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‘He’s A Great Guy’: Kwasi Kwarteng Told Fake Firm He Could Introduce Them To Boris Johnson

Kwasi Kwarteng told representatives of a fake South Korean firm that he could introduce them to Boris Johnson – the “best campaigner you will ever see” – in the hope of securing a £10,000-a-day second job.

Kwarteng also indicated that Conservative whips would allow him to skip his parliamentary duties in order to further the interests of the fake firm, after apparently being duped by the campaign group Led By Donkeys.

The former chancellor was one of four Conservative MPs filmed in their parliamentary offices attending a preliminary meeting held on behalf of the firm with a view to securing paid work alongside their £84,000-a-year MP’s salary.

Boasting of his political career, Kwarteng said he could introduce foreign businessmen working for the firm, which does not exist, to Johnson, the former prime minister.

In a Zoom call with an undercover reporter from Led By Donkeys, Kwarteng said: “I’m a senior politician, we [have] got a majority of 70, we have whips. I can work with them to make sure that … as long as the meetings don’t [go on for] a whole week, I’m sure I can make that work.”

Describing Johnson as a huge asset, the former chancellor said he could not promise a meeting between Johnson and the fake firm, but added: “He’s someone I know, he’s a great guy.”

Questioned on whether he would be able to balance his role as an MP with flying around the world to attend board meetings, Kwarteng said: “I can do that. I’m very flexible. I would say [in] my generation in the UK, there are very few people who had the breadth of experience I’ve had across business and politics at this level.”

A source close to Johnson said he was not made aware of the conversation between Kwarteng and the fake businessman and no contact was made with him. The source added that he had never authorised anyone to act on his behalf in this way.

The former health secretary Matt Hancock also agreed to work for £10,000, while Sir Graham Brady, the chair of the Conservative 1922 Committee, said a rate of about £6,000 a day “feels about right” and that any payments would be on a public register.

A fourth MP who was approached, the former minister Stephen Hammond, said this weekend he considered he had been the victim of a “scam”. He said he thought he was engaged in a preliminary discussion with a company but “it turns out this company was fake, with a fake website”.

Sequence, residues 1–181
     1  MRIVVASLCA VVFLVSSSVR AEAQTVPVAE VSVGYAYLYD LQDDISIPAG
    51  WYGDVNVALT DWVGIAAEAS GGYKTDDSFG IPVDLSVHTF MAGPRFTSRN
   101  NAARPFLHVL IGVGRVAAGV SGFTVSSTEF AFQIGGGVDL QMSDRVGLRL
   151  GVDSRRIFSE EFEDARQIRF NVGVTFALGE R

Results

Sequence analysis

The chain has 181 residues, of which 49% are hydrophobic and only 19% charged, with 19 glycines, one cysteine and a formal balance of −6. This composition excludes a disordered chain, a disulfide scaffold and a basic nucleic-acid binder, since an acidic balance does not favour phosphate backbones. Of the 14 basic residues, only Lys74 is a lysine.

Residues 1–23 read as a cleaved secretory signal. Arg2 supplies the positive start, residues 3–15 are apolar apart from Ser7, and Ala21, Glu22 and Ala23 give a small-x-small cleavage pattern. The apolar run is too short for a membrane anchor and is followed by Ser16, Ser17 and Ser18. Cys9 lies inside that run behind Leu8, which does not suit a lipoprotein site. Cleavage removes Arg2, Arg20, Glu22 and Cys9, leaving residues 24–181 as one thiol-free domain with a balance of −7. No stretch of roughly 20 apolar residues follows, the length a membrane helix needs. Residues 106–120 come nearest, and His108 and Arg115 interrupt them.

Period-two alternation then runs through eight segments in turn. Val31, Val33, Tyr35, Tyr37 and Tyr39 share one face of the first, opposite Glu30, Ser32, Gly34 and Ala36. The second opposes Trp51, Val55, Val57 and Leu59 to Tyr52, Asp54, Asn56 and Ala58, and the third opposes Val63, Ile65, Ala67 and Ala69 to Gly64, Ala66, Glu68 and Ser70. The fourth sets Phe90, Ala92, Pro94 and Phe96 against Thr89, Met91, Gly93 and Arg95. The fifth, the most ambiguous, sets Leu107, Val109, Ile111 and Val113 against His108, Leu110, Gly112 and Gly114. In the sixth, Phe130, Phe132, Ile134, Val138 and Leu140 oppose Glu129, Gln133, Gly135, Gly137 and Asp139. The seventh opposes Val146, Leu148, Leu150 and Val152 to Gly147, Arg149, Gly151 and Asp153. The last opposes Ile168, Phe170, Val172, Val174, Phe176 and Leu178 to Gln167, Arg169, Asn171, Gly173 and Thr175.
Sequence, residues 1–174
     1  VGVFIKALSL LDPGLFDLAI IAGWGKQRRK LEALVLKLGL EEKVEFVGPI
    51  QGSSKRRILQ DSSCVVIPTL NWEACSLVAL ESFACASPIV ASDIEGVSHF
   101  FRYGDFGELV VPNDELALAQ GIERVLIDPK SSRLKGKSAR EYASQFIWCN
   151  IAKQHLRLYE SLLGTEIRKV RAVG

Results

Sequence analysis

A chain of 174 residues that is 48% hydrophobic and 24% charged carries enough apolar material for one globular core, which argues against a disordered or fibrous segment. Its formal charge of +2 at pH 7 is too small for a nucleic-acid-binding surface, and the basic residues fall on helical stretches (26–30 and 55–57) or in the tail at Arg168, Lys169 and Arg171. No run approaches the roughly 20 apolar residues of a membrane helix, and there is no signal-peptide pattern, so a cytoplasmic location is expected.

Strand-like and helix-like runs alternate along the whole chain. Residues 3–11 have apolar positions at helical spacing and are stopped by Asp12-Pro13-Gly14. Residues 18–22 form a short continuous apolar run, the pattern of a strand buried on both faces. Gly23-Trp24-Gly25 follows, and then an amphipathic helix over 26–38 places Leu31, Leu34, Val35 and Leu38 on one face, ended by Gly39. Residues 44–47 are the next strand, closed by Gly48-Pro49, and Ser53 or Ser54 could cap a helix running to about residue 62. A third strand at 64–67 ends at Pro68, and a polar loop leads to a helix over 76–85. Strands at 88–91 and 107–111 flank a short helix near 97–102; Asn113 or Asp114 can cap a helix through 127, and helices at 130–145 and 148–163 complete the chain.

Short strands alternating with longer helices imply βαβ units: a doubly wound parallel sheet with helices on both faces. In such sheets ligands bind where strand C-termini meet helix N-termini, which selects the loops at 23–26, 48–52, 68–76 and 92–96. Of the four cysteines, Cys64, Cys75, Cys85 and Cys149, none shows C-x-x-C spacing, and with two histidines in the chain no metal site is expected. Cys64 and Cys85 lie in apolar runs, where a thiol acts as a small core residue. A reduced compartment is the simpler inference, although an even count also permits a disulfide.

Hancock’s spokesperson said he had acted “entirely properly” and criticised what he described as the “illegal publication of a private conversation”.

Thangam Debbonaire, the shadow leader of the Commons, called on Rishi Sunak to remove the whip from the Tories caught up in the sting.

The senior politicians have complied with all relevant rules and referred to their obligation to their constituents during preliminary meetings.

The levelling up secretary, Michael Gove, called on MPs to “reflect” on the sting operation, saying elected officials needed to ensure they were doing “everything they can to put public service first”, but he insisted they were acting “within the rules”.

Led By Donkeys said it created the company, called Hanseong Consulting, setting up a website that included fabricated testimonials and paying for a “fake virtual office” in the South Korean capital, Seoul.

The group said that after consulting the register of interests, it approached 20 MPs from different parties asking if they would join the phoney firm’s international advisory board.

The shadow culture secretary, Lucy Powell, said she was “pretty appalled and sickened” by the revelations. Labour has pledged to ban MPs from having second jobs, and Powell said MPs should be “fully focused” on helping constituents rather than “pursuing other commercial ends”.

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